Three Pillars Of Sustainable Development

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I agree with the assertion that in the context of Sustainable Development ‘the reality of life today is that the economy dominates environment and society.

The Concept of Sustainable Development Sustainable development refers to “meeting the needs of the present without compromising the ability of future generations to meet their needs”, and was produced by the Brundtland report (WCED, 1987). The concept also takes into account the needs of the poor in developing countries by outlining achievable objectives of importance (WCED, 1987).

The Three Pillars of Sustainability
The society, environment and economy are interconnected entities which form the three pillars of sustainability (Giddings, Hopwood and O’Brien, 2002). Each of these pillars depends on each other in some way in order to operate. Priority is mainly directed towards economic performance and development as opposed to the remaining important pillars. Economic development is dependent on the society and environment in order to market products and to obtain raw materials, while society is dependent on the environment solely for survival (Giddings, Hopwood and O’Brien, 2002).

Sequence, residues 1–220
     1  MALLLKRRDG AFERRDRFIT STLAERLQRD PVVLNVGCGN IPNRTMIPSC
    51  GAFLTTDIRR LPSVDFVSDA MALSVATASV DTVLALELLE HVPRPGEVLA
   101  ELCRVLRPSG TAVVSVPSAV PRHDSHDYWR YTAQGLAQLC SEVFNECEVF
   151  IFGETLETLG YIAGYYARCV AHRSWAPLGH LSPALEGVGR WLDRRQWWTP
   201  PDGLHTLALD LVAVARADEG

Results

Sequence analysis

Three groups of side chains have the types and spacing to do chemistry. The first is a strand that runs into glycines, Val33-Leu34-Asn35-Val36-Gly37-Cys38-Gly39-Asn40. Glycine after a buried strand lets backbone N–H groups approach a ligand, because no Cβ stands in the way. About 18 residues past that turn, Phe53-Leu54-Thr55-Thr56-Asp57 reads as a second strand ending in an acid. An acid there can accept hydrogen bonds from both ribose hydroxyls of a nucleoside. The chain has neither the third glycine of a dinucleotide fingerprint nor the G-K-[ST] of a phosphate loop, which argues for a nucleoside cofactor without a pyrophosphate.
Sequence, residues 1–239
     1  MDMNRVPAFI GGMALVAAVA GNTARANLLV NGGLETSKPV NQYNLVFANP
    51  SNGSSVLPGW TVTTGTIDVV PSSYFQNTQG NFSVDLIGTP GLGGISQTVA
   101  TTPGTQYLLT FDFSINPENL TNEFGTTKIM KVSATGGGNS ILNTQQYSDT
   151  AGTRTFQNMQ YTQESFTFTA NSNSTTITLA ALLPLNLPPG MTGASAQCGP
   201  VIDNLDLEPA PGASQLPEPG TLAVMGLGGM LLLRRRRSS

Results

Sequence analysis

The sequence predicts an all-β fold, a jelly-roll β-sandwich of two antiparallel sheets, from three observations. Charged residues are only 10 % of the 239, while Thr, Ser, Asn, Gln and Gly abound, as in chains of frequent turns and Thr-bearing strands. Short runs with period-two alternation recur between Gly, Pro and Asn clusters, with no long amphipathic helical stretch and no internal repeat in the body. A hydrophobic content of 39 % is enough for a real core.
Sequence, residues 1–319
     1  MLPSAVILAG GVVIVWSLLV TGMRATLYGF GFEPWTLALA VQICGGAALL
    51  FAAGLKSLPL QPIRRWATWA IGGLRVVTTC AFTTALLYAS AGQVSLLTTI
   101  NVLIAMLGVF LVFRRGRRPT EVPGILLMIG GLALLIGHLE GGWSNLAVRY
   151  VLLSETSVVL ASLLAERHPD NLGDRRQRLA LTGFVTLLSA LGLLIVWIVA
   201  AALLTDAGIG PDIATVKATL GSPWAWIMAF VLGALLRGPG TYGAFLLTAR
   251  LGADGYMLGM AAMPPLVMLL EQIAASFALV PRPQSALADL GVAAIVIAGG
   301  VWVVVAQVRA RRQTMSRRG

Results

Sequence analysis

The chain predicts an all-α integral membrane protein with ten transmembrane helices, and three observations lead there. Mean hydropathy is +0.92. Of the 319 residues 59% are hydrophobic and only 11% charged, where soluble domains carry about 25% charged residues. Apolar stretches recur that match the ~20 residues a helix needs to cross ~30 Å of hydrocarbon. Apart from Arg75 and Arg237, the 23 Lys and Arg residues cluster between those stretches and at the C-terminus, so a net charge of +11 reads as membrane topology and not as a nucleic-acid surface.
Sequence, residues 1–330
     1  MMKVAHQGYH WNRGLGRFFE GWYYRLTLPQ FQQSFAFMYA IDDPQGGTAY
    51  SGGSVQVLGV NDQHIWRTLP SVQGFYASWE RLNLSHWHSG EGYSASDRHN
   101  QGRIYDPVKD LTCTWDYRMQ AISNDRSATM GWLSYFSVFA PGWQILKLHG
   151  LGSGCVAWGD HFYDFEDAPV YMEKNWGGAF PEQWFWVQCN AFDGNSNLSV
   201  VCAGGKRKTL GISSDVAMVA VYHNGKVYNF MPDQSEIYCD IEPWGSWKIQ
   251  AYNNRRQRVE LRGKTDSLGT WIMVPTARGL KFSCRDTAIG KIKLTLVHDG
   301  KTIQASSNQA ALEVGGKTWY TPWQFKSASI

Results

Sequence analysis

Sustainable development aims to achieve a balance between the three pillars of sustainability, ensuring that all sectors become one entity. The disadvantage associated with this model is that each pillar is given individual recognition and not recognized as a combined entity (Giddings, Hopwood and O’Brien, 2002). This results in the

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